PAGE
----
Just like a posture brace will not solve all of your posture problems, there is not one single thing that you can do that will fix your posture. But, there are a number of things that can, when done together, give you proper posture.

First you must stretch the tight muscles that are located in the front of the neck, the scalenes, and chest. To stretch the scalenes, reach across your body and grasp your collarbone (use your right hand to hold the left collar bone). Next, pull down gently on the collar bone and then lean your neck back and to the opposite side (lean back and to the right if holding the left collar bone). Hold this stretch for at least 30 seconds, then repeat on the opposite side. Repeat this stretch throughout the day. Do NOT stretch your neck by leaning your head forward! In most people with bad posture these muscles are already overstretched. Stretching this way will only make your posture worse!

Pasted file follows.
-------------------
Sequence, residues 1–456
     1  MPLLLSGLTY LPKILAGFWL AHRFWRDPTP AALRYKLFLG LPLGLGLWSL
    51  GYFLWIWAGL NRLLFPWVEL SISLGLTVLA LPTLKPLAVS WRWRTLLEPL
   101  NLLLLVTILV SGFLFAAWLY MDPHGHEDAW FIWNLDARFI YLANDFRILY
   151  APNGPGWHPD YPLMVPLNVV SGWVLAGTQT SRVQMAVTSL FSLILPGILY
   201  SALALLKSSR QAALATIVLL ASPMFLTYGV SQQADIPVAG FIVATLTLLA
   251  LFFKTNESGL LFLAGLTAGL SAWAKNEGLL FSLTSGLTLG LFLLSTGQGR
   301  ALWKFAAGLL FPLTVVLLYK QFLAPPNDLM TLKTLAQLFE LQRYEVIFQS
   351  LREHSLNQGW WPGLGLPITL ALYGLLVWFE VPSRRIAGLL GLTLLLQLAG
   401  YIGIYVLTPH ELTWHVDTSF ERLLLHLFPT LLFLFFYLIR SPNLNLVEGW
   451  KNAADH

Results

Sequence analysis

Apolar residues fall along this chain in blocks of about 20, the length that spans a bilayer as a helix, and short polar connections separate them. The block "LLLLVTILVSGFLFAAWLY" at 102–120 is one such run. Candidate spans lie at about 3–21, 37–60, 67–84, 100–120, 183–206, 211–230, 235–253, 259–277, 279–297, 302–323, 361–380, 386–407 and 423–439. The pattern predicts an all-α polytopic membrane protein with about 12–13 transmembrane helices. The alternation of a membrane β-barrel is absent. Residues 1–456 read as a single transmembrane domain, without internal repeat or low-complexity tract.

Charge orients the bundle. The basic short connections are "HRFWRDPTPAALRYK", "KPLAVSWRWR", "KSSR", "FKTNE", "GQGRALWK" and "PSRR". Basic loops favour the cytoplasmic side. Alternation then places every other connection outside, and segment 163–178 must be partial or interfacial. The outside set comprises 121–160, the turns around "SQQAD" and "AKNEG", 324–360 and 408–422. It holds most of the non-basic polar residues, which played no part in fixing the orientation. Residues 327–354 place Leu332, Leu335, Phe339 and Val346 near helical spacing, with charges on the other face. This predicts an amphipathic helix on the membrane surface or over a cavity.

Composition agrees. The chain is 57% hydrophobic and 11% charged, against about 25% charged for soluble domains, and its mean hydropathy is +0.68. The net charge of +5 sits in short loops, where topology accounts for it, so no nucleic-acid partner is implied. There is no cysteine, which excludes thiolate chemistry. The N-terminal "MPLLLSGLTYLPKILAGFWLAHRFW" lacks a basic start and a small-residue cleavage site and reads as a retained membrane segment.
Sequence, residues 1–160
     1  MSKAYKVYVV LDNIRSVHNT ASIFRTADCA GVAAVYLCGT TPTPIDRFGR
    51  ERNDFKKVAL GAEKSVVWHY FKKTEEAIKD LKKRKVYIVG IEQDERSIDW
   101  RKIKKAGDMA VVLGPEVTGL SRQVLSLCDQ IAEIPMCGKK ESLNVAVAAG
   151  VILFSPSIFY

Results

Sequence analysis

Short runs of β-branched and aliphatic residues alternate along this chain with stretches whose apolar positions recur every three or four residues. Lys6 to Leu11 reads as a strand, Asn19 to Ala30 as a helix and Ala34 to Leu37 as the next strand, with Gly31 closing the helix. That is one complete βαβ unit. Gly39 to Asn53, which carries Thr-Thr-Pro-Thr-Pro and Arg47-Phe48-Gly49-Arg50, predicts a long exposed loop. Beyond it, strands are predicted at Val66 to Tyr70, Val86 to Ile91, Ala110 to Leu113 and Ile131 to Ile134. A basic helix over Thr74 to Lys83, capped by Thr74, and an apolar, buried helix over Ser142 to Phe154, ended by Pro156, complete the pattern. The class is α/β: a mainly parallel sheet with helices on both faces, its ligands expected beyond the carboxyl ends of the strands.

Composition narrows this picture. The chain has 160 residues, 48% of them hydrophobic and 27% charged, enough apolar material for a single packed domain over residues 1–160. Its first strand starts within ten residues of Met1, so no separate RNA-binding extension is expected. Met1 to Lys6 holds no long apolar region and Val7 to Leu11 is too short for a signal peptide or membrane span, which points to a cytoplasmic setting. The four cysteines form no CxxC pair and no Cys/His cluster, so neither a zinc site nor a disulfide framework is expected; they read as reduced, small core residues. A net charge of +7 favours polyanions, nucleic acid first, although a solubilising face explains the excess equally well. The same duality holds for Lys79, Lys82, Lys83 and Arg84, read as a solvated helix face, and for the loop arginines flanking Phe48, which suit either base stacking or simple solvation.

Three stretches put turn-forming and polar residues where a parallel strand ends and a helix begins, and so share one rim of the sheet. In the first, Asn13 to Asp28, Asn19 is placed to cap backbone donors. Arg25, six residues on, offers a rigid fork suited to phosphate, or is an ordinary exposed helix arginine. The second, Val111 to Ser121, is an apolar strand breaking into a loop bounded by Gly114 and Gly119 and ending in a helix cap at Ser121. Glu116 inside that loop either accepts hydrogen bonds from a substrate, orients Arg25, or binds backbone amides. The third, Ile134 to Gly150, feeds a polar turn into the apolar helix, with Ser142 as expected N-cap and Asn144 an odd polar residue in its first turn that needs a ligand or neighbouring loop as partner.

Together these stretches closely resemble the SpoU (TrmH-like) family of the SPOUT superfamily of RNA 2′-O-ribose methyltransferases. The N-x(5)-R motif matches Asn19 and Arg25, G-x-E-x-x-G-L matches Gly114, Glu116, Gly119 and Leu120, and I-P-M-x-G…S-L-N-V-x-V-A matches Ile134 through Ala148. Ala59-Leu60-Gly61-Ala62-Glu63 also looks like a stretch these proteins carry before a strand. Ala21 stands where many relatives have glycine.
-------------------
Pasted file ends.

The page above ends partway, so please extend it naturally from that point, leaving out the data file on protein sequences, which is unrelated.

To stretch the muscles in your chest, you will need a doorway. Lift one arm and bend your elbow at a 90 degree angle. Now, place your arm against the wall and gently lean forward. If you are stretching the right chest muscles, it is helpful to have the left foot in front as you lean forward. Hold this stretch for at least 30 seconds and then repeat on the opposite side. A video demonstrating this stretch can be found on our website,here, towards the bottom of the page.

Stretching Isn’t Enough

However, in order to really improve your posture, you will need to do more than just stretch. As I mentioned earlier, poor posture is usually a combination of tight anterior, or front, muscles and weak posterior, or back muscles. So to correct posture, we will also need to strengthen the posterior muscles in the neck and back.

This is where posture exercises are extremely important. The sitting routine exercises that are on our website are a great place to start to help strengthen these muscles.

How Can Chiropractic Help My Posture?